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What’s Up - NGC 7000 and NGC 6997 in Cygnus

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What’s Up - NGC 7000 and NGC 6997 in Cygnus

By Steve Coe

Here we are at one of the most famous objects in the sky.  How many astronomy texts have had a shot of the North America Nebula included?  How many brand new imaging rigs have been pointed at this amazing object?  We may never know the answers to those questions, but we can say that this part of the sky have been observed, photographed and imaged for centuries.

There is a lesson in distances of deep sky objects to be taught in this part of the sky.  I was a college professor at DeVry Institute in Phoenix, Arizona for over 26 years, so I will take a shot at it. 

The red glow that is the NGC 7000 nebula is created by high energy stars embedded in a cloud of hydrogen gas.  These stars output ultraviolet energy that makes the hydrogen give off that red glow.  This process is called fluorescence.  This means that the hydrogen atoms take on energy from the powerful stars and then emit photons that provide the red glow. 

In front of the hydrogen cloud is a dark molecular cloud that blocks off portions of that glow.  It is the shape of the dark layer in front of the bright nebula that provides the “North America” shape.  Notice that the areas which appear missing have fewer faint stars because they are being blocked off by the dark cloud nearer to us.

Now to NGC 6997, this open cluster appears to us near the area of the Great Lakes within the nebula.  After very careful study it has been determined that the star cluster is beyond the nebulous cloud.  This was determined by spectroscopic study of the stars in the cluster, they have the spectra of the nebula superimposed onto the star’s spectra.  Therefore, the gases in the nebula are between us and the stars of the cluster. 

Best estimate is that the cluster is 200 light years beyond the nebula.  The North America Nebula is at a distance of 2000 light years, so NGC 6997 is about 2200 light years away.  It is very difficult to determine the distances of dark nebulae, but it must be about 1500 light years away.

NGC 6997 has been mislabeled NGC 6996 in several sources, both books and charts.  Brent Archinal’s book on star clusters provides details on the mistakes made and gives the reasons for them.  If you like that sort of thing.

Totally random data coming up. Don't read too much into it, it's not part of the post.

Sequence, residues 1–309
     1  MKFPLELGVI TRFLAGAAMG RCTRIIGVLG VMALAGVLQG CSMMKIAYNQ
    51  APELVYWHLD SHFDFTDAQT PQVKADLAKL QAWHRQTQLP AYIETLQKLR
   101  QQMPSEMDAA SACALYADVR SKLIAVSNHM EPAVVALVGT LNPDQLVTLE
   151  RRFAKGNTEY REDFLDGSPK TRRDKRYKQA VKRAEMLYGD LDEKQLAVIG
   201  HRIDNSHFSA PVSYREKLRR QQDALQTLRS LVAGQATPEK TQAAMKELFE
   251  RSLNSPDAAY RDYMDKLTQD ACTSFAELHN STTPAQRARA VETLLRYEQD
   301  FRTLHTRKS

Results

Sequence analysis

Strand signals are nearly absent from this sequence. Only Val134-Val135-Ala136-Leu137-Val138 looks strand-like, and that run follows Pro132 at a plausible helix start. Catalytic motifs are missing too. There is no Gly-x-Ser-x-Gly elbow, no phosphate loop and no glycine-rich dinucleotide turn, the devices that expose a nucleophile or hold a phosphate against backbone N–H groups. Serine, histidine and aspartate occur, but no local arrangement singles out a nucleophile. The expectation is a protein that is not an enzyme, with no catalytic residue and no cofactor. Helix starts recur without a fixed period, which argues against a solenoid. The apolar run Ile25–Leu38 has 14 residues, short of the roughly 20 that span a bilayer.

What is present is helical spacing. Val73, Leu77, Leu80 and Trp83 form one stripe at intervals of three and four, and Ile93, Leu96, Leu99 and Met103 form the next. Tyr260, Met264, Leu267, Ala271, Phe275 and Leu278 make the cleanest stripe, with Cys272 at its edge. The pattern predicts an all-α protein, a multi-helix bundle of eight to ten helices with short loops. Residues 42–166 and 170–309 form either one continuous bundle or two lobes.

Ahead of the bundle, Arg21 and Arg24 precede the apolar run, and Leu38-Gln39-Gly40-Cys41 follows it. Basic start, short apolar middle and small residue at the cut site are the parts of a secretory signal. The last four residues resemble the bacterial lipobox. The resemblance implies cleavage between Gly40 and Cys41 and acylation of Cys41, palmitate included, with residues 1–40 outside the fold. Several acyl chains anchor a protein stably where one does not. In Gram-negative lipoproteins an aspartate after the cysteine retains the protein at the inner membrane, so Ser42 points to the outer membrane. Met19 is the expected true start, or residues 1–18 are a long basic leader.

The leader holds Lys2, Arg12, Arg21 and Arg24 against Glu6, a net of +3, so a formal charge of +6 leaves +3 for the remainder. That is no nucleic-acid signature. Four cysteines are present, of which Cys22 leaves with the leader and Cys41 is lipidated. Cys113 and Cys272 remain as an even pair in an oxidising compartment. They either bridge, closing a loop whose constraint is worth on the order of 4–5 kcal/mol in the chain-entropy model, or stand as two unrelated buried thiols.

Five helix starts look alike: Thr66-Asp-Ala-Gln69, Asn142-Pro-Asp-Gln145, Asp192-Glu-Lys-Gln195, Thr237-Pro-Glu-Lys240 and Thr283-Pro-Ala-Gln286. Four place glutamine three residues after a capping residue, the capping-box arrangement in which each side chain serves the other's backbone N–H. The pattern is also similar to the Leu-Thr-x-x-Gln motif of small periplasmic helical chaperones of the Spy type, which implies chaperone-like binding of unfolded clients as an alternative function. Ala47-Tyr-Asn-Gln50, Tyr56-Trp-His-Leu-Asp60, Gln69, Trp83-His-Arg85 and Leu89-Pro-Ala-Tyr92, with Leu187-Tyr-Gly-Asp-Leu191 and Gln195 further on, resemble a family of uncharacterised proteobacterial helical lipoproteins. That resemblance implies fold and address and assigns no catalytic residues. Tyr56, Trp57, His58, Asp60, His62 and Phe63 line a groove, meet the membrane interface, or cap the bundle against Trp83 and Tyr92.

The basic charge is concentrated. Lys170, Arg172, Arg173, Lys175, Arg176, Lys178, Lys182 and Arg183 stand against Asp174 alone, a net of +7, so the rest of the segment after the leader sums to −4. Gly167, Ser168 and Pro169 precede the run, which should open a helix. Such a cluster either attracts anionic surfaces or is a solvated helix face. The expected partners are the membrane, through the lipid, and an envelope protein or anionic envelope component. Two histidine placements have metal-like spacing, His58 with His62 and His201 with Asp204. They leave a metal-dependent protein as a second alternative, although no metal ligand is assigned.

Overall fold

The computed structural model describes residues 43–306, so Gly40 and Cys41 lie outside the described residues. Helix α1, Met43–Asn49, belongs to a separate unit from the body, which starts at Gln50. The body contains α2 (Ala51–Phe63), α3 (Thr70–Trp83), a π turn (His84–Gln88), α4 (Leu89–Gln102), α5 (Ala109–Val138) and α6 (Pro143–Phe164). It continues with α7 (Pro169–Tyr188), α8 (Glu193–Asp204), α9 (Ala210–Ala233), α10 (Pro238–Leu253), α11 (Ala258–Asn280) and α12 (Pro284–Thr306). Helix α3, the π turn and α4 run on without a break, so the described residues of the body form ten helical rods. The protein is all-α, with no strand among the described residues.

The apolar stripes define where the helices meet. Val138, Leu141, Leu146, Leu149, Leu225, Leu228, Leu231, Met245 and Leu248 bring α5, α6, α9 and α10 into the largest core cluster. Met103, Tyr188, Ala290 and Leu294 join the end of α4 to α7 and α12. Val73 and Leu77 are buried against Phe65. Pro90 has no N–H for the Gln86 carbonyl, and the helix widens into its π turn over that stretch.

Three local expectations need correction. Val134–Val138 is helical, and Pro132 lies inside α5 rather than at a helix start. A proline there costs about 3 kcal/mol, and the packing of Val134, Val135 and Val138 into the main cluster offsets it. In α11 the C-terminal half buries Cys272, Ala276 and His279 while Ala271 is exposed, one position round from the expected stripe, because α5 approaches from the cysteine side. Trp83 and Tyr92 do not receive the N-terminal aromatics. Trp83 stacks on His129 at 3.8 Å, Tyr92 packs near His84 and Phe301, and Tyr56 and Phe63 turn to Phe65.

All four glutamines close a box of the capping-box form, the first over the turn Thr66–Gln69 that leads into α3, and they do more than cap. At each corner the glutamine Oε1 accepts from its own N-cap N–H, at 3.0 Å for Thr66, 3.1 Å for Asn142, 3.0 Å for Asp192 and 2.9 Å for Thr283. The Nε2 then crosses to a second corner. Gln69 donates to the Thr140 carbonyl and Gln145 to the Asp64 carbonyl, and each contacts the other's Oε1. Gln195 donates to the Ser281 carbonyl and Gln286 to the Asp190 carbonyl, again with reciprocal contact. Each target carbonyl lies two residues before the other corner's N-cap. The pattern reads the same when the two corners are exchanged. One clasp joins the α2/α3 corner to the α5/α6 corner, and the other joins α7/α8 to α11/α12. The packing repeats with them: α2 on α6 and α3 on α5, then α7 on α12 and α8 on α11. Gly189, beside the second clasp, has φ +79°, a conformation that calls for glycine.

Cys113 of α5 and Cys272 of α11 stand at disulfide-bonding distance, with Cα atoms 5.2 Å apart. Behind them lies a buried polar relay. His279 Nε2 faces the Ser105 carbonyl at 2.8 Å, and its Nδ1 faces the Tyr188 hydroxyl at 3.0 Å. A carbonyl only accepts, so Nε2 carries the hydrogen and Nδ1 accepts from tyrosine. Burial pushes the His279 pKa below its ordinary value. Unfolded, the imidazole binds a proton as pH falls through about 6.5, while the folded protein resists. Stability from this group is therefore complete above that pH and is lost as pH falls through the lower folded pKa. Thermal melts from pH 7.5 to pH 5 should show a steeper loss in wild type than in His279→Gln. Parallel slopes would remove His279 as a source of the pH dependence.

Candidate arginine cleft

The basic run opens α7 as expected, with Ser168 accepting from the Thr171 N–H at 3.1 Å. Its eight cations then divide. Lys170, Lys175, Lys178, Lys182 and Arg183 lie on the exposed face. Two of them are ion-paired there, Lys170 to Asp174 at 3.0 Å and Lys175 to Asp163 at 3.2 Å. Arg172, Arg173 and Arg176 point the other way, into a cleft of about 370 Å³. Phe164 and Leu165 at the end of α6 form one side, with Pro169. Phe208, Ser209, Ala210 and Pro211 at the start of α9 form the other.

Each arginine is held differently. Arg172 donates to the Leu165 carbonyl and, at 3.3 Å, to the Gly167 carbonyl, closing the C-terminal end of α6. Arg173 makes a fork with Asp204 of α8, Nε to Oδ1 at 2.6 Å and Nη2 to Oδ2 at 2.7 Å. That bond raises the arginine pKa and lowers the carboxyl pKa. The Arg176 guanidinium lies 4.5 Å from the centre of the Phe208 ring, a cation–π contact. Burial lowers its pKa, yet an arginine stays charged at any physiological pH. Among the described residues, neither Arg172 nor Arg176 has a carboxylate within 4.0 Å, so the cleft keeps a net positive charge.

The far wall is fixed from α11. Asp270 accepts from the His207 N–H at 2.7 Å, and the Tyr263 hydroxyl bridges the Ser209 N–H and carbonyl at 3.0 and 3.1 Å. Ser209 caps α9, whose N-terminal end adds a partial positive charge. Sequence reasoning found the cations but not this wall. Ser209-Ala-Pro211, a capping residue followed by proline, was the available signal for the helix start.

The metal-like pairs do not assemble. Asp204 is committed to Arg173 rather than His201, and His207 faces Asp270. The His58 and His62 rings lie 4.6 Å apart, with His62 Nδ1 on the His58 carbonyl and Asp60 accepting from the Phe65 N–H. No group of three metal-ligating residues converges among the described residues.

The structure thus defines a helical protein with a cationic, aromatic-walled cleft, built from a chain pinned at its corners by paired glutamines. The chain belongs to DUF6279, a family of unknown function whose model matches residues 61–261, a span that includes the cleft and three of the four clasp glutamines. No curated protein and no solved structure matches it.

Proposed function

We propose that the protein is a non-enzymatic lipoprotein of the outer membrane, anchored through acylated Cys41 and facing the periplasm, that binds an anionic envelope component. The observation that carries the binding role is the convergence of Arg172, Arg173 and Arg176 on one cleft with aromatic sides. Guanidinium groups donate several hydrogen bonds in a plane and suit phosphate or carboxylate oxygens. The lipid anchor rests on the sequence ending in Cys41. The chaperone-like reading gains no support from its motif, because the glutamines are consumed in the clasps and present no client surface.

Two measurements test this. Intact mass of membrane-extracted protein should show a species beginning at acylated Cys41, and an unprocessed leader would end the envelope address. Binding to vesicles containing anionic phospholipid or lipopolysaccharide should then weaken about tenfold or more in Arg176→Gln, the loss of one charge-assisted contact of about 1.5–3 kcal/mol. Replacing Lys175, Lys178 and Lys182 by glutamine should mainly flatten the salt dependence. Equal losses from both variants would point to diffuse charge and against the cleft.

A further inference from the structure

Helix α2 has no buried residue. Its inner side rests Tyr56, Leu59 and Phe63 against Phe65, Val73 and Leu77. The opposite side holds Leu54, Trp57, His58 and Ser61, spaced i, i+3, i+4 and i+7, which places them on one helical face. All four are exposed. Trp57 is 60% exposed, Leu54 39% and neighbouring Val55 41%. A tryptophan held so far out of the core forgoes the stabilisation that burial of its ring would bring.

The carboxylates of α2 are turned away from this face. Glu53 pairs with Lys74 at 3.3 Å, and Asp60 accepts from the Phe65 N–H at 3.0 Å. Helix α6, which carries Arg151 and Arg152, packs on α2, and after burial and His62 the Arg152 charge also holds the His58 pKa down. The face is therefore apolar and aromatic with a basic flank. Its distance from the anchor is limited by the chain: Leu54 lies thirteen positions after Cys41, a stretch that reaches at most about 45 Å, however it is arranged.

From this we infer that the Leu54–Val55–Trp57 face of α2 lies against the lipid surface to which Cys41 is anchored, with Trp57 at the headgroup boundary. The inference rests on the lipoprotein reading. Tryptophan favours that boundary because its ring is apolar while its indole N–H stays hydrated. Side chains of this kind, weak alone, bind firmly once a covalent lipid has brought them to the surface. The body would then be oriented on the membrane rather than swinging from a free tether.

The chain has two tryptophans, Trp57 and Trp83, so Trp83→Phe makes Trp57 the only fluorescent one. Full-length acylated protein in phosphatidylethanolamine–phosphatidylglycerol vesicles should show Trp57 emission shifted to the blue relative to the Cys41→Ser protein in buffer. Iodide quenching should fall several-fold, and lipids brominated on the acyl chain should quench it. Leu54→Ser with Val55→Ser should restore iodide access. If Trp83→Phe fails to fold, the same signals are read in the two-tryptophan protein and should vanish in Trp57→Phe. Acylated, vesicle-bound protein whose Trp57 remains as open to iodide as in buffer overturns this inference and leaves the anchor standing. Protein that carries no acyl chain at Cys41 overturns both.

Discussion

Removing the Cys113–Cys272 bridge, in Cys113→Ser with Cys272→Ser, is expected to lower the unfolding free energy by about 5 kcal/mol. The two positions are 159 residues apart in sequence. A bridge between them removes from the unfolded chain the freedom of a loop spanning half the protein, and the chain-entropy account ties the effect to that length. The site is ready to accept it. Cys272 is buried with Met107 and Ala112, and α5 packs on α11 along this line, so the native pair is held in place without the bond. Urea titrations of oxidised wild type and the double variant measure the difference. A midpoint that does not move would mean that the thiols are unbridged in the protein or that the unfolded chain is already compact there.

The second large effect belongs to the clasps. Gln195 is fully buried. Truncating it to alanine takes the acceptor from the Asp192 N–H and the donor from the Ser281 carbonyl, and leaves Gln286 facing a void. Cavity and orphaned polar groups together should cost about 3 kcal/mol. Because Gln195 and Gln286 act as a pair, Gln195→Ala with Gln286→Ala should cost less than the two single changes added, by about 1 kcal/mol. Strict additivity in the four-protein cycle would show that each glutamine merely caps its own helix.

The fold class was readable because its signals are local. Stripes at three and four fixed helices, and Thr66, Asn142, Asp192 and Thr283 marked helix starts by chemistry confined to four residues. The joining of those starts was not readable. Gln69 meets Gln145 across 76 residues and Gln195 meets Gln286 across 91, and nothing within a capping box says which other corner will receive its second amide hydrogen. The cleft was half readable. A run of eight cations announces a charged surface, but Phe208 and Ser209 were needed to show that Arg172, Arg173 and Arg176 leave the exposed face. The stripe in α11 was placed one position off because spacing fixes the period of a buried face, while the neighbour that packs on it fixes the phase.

As far as observing the North America Nebula, I agree with Phil Harrington that binoculars are an excellent choice.  With a pair of 10X50 Leupold binoculars it is pretty bright, very large and the North America shape is easy to see.  There are 19 stars involved within the nebula and an obviously orange star (Xi Cygni) to the west of the nebula.  The dark lane that defines the “East Coast” is Lynd’s Dark Nebula number 935. 

An RFT (Rich Field Telescope) is also a fine choice for viewing this big nebulous glow.  These are telescopes with a short enough focal length that they can provide a field of view well over one degree with a wide angle eyepiece.  Many years ago I put together a 4.25 inch f/4 Newtonian for just this reason.  Using a 20mm Erfle eyepiece and a UHC filter shows NGC 7000 as very bright and very large, filling the 1.5 degree field with nebulosity.  The brightest section is Mexico, an elongated glow that is pretty well defined.

The very best RFT I have ever owned was a 6 inch f/6 Maksutov-Newtonian.  The stars were small and well defined and the field of view showed excellent contrast.  Along with a 35mm Panoptic and a 2 inch UHC filter, this was the best ever view of big nebulae.  It is the only telescope I regretted selling.  With that setup this nebula is very well defined and showed light and dark lanes within the glow.  Again the nebulous glow is brightest in the area of “Mexico”; this is a rather high surface brightness area.  I counted 41 stars embedded within the nebula.  This is truly a “Wow” view of a famous object.

Don’t forget to remove the filter and put in some power, I used a 22mm Panoptic and a 14mm Meade UWA.  Both will show that several of the stars in the nebula are light orange in color.  The higher power will also show the very rich star field to the north of the nebulous glow.  There is lots to see in and around this part of the sky.

NGC 6997 is a pretty nice cluster with a 6” refractor.  At a site 100 miles from the lights of Phoenix with a 6" f/8 and a 14mm eyepiece it is pretty bright, pretty large, little compressed and shows 23 stars of magnitudes 9 and dimmer.  This cluster is moderately detached from the background glow. 

Moving up in aperture to a 13" f/5.6 Newtonian and a 38mm Erfle shows the cluster as bright, very large, not compressed, not rich, a scattered cluster with several nice groupings within the cluster.  I counted 31 member stars including a nice V-shaped chain of 7 stars on the NE side. 

6” f/6  25X  With UHC filter

300mm f/4 lens  800 ISO   5 min exposure
Canon Xt with Hutech modification


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